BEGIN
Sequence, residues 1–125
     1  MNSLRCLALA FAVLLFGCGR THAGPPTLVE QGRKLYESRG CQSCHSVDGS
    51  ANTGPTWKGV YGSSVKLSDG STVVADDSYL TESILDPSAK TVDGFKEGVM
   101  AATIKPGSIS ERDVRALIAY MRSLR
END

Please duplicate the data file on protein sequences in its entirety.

Sequence, residues 1–125
     1  MNSLRCLALA FAVLLFGCGR THAGPPTLVE QGRKLYESRG CQSCHSVDGS
    51  ANTGPTWKGV YGSSVKLSDG STVVADDSYL TESILDPSAK TVDGFKEGVM
   101  AATIKPGSIS ERDVRALIAY MRSLR